A snapshot of a few days in the life of ten-year-old Jonathan Lee, attending the funeral of his Ah Kong, or grandfather, and still reeling from the drama of his mother leaving for Australia and his older brother getting kicked out of the house and joining a rock band. Annoyed at being the brunt of his father’s pent-up anger, Jonathan escapes his grandfather’s wake in an empty coffin and embarks on a journey through the backwaters of Brunei to bring his disowned brother back for the funeral and to learn the truth about his absent mother.
Jonathan as a character could be equal parts interesting and infuriating at times. I do tend to struggle reading books from a child’s point of view and with Jonathan he seemed far more confident and surer of himself than the average ten-year-old. He does make brash decisions and argues with his siblings and cousin like any child would but sometimes he came across as older than his years with his ability to talk himself out of (and into) a lot of situations. Then there’s the times when he just seems incredibly bitter about everything he’s got going on in life. Some of it seems like a fair thing to be bitter about like how his father won’t talk about his mother and how he keeps missing her phone calls. Other time’s though it’s like that fatalistic attitude that teenagers have turned up to the max – I don’t think I’ve ever read a book with such a dramatic ten-year-old.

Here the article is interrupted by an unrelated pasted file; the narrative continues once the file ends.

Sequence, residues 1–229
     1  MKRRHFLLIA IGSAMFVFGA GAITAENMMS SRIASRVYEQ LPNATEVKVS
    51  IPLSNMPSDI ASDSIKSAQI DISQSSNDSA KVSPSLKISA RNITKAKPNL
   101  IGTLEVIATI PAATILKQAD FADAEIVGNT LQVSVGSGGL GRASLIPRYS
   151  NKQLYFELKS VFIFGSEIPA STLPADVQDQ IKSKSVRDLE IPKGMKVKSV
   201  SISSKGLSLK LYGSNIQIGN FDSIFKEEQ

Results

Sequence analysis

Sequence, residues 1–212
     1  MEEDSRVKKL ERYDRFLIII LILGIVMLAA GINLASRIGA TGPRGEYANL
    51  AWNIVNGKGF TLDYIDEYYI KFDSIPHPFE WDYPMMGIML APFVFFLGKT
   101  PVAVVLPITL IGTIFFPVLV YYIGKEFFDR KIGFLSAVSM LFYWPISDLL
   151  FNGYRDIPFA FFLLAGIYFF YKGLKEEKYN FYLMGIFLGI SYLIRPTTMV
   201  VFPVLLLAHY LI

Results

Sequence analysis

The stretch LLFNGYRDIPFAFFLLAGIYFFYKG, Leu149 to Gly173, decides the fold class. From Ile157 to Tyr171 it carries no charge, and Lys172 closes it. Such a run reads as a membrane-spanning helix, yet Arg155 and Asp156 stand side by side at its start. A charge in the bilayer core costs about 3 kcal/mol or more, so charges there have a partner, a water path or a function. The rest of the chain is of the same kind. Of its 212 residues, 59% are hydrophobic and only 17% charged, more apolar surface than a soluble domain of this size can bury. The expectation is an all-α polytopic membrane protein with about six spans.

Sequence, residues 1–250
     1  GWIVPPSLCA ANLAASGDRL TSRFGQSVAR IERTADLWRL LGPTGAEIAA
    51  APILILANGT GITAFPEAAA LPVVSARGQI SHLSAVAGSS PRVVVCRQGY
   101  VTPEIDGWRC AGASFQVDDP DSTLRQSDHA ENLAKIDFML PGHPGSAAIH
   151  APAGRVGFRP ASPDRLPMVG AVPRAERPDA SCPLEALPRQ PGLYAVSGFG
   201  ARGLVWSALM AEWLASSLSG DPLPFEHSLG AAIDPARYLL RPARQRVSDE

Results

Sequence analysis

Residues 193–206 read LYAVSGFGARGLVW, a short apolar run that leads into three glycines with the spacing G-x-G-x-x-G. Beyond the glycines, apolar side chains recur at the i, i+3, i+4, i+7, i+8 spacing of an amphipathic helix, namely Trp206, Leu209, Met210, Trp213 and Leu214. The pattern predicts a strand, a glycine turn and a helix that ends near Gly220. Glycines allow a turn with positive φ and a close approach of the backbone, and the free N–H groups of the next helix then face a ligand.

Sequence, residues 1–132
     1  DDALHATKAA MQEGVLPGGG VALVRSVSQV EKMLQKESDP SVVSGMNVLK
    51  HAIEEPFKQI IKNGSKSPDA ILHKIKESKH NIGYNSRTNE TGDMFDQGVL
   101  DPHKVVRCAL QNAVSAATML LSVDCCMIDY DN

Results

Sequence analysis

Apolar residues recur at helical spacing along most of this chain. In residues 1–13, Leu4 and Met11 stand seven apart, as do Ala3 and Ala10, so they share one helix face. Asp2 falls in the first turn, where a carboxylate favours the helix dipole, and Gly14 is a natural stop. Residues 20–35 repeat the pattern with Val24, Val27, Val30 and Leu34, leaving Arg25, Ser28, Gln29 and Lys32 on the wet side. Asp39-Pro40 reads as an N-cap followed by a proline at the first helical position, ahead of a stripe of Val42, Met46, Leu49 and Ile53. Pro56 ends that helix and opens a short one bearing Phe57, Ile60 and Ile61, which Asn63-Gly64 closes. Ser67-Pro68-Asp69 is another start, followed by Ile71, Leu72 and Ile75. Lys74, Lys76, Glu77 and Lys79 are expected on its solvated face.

The adventure Jonathan goes on to find his older brother who might hold the key to be able to contact their mother is fun one. Just about everything that can go wrong does go wrong but Jonathan never stops trying to achieve his goal. He’s got this single-minded determinedness that’s impressive.
As an atheist (though I was christened a Catholic) I was surprised by how much I enjoyed the descriptions of Ah Kong’s funeral and the various traditions that Jonathan and the rest of the family had to take part in. The funeral is a Chinese one and there’s mentions of another character having been to Malay funerals but not Chinese ones, showing how there’s different tradition in each cultures funeral and that Brunei as a country is a mix of different people with different heritages, which was interesting.
Written in Black is a quick and easy book to read with an engaging story that keeps you turning the page. The plotline about Jonathan’s absent mother isn’t really given a satisfactory resolution though – or much of a resolution to be honest. In some ways it feels like his mother is avoiding him rather than his three other siblings and it’s sad there’s never really an explanation for that or anything to show that she cares about Jonathan just as much as her other children. Besides from that, it’s a fast-paced and decent coming of age story and Jonathan certainly does seem to mature a lot in such a short space of time. 3/5.